OPEC Statement to the 8th Conference of the Parties to the UN Framework Convention on Climate Change - New Delhi, October-November 2002

Statement by Dr Alvaro Silva-Calderon, OPEC Secretary General

High-level Segment, 23 October-1 November 2002, New Delhi, India

Mr President, Excellencies, Ladies and Gentlemen,

Over the past decade, OPEC and its Member Countries have taken a keen and active interest in the ongoing climate change negotiations.

This is because, like other countries, we seek to create a cleaner, healthier and safer world in which to live, and to do this in a manner which is consistent with sustainable development, from which present and future generations worldwide will benefit.

We recognise that, as fossil fuel producers from the developing world, we can make an important contribution to the course of these negotiations, which are wide-ranging and complex in scope.

We welcomed the inclusion of the climate change issue into the discussions at the World Summit in Johannesburg, which focused on the objectives of poverty eradication and the promotion of economic development, in harmony with social development and the protection of the environment.

Access to advanced forms of energy services has a central role to play in achieving these objectives.

However, while there is the understandable call to develop renewables, the fact remains that the technology is still in its infancy. Therefore, while the renewable energy industry is being developed, all other available resources, which are friendly to the environment, must also be accessed, enhanced and utilised to tackle the dire problems of mankind and ensure sustainable development.

Petroleum will feature prominently in this. Advances in technology continue to make oil and gas cleaner fuels. The successful development of carbon dioxide sequestration technology will ensure that fossil fuels, including oil, continue to serve the needs of mankind for the foreseeable future.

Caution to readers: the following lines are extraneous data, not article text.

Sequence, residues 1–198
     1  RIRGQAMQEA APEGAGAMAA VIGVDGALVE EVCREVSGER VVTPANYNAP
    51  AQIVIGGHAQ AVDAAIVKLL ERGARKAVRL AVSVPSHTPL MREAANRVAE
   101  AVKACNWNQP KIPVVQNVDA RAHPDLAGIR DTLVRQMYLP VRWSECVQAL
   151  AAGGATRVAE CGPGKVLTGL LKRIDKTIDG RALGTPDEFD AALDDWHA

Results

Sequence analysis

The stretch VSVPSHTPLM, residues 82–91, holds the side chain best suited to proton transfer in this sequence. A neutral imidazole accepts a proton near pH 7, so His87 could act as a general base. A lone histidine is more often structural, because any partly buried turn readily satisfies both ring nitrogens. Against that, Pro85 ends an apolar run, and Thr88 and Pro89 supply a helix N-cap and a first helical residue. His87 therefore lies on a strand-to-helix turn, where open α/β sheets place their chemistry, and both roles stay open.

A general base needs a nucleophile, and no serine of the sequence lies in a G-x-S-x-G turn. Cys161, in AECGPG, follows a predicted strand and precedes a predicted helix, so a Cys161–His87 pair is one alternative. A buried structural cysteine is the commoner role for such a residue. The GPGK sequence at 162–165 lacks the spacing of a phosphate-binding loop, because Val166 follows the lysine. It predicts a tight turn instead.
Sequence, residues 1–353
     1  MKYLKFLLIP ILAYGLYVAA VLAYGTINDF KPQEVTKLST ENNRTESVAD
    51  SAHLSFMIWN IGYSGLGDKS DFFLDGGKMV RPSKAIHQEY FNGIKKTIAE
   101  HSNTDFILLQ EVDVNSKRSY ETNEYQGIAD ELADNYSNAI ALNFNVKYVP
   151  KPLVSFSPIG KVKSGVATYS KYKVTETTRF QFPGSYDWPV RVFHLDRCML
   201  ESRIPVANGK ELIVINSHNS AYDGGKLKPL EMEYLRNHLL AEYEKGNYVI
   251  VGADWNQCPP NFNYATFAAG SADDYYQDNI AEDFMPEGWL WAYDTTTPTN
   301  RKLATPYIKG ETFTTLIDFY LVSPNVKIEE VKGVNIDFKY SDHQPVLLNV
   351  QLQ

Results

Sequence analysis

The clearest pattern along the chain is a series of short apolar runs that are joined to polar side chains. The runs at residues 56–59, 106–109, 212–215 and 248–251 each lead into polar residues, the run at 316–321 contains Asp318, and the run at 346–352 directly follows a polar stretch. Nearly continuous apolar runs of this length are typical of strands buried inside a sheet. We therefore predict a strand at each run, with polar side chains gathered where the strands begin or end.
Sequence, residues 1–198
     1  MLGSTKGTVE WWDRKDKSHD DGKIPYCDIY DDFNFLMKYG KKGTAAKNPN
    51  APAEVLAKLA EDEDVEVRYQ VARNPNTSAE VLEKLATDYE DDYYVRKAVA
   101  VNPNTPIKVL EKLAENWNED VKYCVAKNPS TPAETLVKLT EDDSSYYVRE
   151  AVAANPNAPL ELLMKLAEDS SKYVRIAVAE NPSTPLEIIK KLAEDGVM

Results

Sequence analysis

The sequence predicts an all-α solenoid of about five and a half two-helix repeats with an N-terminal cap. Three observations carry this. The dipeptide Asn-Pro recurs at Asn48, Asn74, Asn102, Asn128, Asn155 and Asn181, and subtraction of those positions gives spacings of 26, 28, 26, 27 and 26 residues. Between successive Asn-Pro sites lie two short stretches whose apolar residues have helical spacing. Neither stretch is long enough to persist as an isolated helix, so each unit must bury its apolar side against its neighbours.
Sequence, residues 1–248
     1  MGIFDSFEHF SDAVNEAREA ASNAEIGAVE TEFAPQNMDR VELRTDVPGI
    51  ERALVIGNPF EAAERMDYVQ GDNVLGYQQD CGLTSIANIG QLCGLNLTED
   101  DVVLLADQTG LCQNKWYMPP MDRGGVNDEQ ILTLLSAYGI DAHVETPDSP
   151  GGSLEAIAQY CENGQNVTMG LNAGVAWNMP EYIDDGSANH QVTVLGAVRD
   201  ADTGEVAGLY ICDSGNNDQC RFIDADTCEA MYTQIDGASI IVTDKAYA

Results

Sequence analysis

As the Conference of the Parties to the United Nations Framework Convention on Climate Change assesses the realities of implementing the Kyoto Protocol, we remind it of the need to do this in a way which avoids a net detrimental impact on fossil fuel producers — in accordance with Article 4.8 of the Framework Convention and Articles 2.3 and 3.14 of the Kyoto Protocol.

We also remind it of Article 4.9, which stipulates that adequate provision should be made for the transfer of technology and funding to the poorer countries of the world; this will enable them to develop their backward economies in a sustainable manner and in full harmony with the needs of the environment.

It should be stressed here that poorer nations have the same rights as richer nations to all the necessary support and funding for research into climate change issues, and that every effort should be made to ensure that this happens at all times.

Moreover, we need to keep our focus firmly on the principle of “common but differentiated responsibilities”. Industrialised countries, whose activities over decades — and even centuries — have been responsible for the lion’s share of adverse impacts on the environment, should recognise and honour their obligation to provide the lion’s share of the response measures.

Finally, as I said earlier, the whole issue of climate change is a complex one. But the benefits are simple, since we all stand to gain from making the world a cleaner, healthier and safer place to live in.

Thank you.